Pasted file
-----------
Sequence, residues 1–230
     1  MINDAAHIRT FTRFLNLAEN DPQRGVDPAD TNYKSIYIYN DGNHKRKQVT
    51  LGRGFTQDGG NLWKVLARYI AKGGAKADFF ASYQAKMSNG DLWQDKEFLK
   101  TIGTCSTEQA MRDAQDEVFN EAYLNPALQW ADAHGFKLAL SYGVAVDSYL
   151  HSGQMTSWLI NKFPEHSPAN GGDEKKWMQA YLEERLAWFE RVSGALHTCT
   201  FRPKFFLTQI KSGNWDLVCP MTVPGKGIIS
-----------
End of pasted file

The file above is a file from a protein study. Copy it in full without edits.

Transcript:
Sequence, residues 1–230
     1  MINDAAHIRT FTRFLNLAEN DPQRGVDPAD TNYKSIYIYN DGNHKRKQVT
    51  LGRGFTQDGG NLWKVLARYI AKGGAKADFF ASYQAKMSNG DLWQDKEFLK
   101  TIGTCSTEQA MRDAQDEVFN EAYLNPALQW ADAHGFKLAL SYGVAVDSYL
   151  HSGQMTSWLI NKFPEHSPAN GGDEKKWMQA YLEERLAWFE RVSGALHTCT
   201  FRPKFFLTQI KSGNWDLVCP MTVPGKGIIS